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The Crypto-Jews and the Inquisition in Cartagena de Indias, 1610-1650.

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Date Issued:
2012
Abstract/Description:
From its establishment by royal decree in 1610 until its abolition in 1821, the Inquisition tribunal of Cartagena de Indias sought to stamp out heresy and maintain Catholic orthodoxy among the inhabitants of the territory of New Granada. This thesis examines the activities of the tribunal during the first half of the seventeenth century, specifically as they relate to its persecution of the crypto-Jews under its jurisdiction. While the surviving evidence demonstrates a significant crypto-Jewish presence in Cartagena in the 1600s, and even though the authority of this tribunal extended far beyond its immediate surroundings, very few crypto-Jews were ever prosecuted by this court during this time. This thesis explores the social, economic and political dynamics explaining a change in policy that led to a rise in the number of Inquisition trials against the crypto-Jewish population in the first half of the seventeenth century. This thesis argues that Spanish imperial politics coupled with socio-economic factors inherent in the colonial system, explains why inquisitorial persecution increased in this period.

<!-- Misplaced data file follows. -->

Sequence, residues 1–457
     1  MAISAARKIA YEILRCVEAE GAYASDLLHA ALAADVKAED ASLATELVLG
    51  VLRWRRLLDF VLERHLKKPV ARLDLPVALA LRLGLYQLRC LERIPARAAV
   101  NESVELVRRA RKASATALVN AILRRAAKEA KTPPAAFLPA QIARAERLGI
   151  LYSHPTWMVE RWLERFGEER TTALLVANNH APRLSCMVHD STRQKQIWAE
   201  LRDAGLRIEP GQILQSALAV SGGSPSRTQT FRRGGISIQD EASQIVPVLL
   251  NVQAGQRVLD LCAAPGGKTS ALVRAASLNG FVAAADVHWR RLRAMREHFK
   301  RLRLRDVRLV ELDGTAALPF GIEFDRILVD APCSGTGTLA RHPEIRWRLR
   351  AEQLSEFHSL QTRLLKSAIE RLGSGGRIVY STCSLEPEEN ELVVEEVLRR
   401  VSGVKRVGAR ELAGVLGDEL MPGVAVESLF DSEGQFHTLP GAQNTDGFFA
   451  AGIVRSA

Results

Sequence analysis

Title: The Crypto-Jews and the Inquisition in Cartagena de Indias, 1610-1650.
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Name(s): Jalilie, Hussein, Author
Pineda, Yovanna, Committee Chair
Sacher, John, Committee Member
Walker, Ezekiel, Committee Member
, Committee Member
University of Central Florida, Degree Grantor
Type of Resource: text
Date Issued: 2012
Publisher: University of Central Florida
Language(s): English
Abstract/Description: From its establishment by royal decree in 1610 until its abolition in 1821, the Inquisition tribunal of Cartagena de Indias sought to stamp out heresy and maintain Catholic orthodoxy among the inhabitants of the territory of New Granada. This thesis examines the activities of the tribunal during the first half of the seventeenth century, specifically as they relate to its persecution of the crypto-Jews under its jurisdiction. While the surviving evidence demonstrates a significant crypto-Jewish presence in Cartagena in the 1600s, and even though the authority of this tribunal extended far beyond its immediate surroundings, very few crypto-Jews were ever prosecuted by this court during this time. This thesis explores the social, economic and political dynamics explaining a change in policy that led to a rise in the number of Inquisition trials against the crypto-Jewish population in the first half of the seventeenth century. This thesis argues that Spanish imperial politics coupled with socio-economic factors inherent in the colonial system, explains why inquisitorial persecution increased in this period.
Identifier: CFE0004554 (IID), ucf:49245 (fedora)
Note(s): 2012-08-01
M.A.
Arts and Humanities, History
Masters
This record was generated from author submitted information.
Subject(s): The Inquisition -- Colonial Cartagena -- Crypto-Judaism
Persistent Link to This Record: http://purl.flvc.org/ucf/fd/CFE0004554
Restrictions on Access: campus 2014-02-15
Host Institution: UCF

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